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Today, don’t be afraid to whimper. Don’t pretend that everything is under your control– it isn’t. But be willing to look and listen for the ways that God will show himself. It may be in the words of a stranger; it may be in the beauty of a sunset; it may even be that song on the radio, or a cool drink of water in the middle of a desert. God doesn’t always rescue us from sorrow and pain. Sometimes He rescues us through it.

Praying “Seventy Times Seven”

The Apostle Peter once asked Jesus if he should forgive someone up to seven times. He seemed to feel this was generous and even noble, but Jesus said that Peter should be willing to forgive someone “seventy times seven” times (or seventy-seven times! (for an excellent discussion on this exchange, see https://www.biblestudytools.com/bible-study/topical-studies/why-is-seventy-times-seven-still-so-radical-today.html. For the context, see Matthew 18.)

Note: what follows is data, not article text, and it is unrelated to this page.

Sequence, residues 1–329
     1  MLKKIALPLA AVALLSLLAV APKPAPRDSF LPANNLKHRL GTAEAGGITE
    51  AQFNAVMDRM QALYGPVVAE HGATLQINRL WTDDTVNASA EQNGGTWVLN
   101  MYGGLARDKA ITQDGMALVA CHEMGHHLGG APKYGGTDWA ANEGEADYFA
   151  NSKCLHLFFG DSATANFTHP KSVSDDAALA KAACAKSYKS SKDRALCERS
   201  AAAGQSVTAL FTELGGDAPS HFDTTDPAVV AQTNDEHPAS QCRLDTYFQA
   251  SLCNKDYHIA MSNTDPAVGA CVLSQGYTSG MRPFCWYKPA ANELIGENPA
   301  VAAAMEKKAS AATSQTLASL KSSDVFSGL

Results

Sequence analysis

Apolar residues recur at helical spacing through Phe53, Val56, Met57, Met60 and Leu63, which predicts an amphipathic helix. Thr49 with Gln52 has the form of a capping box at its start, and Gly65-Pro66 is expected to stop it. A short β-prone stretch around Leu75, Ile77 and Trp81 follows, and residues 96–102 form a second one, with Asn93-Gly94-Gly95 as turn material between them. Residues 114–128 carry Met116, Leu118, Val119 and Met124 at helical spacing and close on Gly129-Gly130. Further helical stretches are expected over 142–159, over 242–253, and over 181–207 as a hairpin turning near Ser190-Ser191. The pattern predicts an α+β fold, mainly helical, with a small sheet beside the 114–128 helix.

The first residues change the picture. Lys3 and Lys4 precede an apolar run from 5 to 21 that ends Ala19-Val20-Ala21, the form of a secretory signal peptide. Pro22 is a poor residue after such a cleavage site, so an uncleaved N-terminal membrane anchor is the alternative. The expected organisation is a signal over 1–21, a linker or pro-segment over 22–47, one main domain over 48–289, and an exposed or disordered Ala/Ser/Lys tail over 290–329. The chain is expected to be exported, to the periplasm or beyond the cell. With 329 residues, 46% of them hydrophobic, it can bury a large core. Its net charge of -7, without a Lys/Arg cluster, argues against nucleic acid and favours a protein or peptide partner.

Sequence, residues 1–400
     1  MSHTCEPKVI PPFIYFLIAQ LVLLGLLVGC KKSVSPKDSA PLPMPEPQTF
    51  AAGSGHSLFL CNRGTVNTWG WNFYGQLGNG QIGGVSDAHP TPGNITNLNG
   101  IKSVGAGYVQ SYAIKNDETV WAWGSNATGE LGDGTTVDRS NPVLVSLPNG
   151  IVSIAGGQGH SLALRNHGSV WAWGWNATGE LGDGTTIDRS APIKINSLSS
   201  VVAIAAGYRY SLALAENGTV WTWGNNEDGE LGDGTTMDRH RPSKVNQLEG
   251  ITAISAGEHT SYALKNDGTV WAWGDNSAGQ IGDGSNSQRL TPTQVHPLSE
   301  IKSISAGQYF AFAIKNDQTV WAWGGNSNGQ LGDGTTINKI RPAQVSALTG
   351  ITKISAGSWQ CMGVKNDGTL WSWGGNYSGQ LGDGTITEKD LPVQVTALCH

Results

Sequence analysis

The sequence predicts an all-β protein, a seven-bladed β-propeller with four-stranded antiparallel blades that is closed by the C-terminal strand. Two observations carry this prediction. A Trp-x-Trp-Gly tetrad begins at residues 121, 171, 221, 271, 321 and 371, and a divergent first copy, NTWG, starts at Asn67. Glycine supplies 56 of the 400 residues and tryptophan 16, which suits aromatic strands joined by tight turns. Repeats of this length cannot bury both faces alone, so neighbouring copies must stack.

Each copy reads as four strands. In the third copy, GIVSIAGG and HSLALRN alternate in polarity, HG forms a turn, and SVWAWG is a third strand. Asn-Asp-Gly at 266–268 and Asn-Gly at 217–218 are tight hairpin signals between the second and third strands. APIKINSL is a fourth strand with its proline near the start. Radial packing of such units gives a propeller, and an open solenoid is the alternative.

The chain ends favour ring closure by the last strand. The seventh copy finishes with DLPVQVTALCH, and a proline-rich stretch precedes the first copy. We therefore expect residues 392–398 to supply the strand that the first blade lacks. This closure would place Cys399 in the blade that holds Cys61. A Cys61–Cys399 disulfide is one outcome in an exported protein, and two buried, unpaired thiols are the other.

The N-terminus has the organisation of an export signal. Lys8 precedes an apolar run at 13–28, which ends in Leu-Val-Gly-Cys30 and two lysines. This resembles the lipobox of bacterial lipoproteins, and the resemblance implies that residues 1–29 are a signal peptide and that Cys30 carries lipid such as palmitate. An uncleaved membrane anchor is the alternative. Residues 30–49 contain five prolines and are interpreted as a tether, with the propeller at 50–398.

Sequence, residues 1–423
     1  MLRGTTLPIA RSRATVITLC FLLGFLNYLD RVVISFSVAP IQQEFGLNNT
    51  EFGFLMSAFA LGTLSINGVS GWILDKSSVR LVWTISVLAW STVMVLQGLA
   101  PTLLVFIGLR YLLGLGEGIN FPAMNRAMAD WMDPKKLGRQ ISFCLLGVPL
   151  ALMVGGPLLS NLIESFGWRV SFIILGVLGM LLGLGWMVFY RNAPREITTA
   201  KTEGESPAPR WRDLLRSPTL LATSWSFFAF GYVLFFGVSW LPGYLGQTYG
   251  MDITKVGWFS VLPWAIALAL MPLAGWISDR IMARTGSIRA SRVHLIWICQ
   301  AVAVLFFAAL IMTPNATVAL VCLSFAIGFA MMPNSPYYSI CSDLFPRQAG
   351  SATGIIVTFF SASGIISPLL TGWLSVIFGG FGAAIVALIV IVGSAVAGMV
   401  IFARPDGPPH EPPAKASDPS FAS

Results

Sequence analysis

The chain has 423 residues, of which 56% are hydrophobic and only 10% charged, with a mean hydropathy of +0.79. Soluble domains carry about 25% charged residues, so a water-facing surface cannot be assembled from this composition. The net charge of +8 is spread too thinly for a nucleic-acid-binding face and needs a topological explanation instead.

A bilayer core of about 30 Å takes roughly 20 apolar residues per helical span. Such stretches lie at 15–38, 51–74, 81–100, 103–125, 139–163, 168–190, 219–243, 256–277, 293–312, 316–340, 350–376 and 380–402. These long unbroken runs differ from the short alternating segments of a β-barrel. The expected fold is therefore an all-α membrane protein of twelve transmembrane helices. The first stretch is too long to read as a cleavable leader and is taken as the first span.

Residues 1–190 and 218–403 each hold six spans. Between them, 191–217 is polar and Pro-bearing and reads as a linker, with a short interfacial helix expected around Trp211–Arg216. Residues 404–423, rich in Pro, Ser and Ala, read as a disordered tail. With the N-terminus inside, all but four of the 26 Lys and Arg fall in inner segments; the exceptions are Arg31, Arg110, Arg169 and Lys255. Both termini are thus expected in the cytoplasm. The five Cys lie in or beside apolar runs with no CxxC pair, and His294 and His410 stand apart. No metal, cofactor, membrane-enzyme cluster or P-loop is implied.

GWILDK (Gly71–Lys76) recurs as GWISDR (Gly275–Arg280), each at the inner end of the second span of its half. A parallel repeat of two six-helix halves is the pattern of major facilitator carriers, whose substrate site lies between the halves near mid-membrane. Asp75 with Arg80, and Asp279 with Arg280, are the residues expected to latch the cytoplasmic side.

The same applies to praying for someone. I know many people who ask for prayer almost daily –often for the same “little” problems or complaints. The selfish, human part of me sometimes wants to judge what is “worthy” of my prayer, and what is not. But this is not for me to judge. Other people are too proud to ask for prayer. That does not make them better or stronger people, or less “needy” of my prayers. I need to be willing to pray for everyone as I have the opportunity: that includes when they request my prayers (over and over) or when they refuse to share their needs at all. Someone who is struggling with ongoing issues needs my compassion and wisdom, not my judgment. Someone who resents my prayers needs my compassion and wisdom, too. We are to pray without ceasing, not just when we think it is “worth” doing. (see 1 Thessalonians 5:17)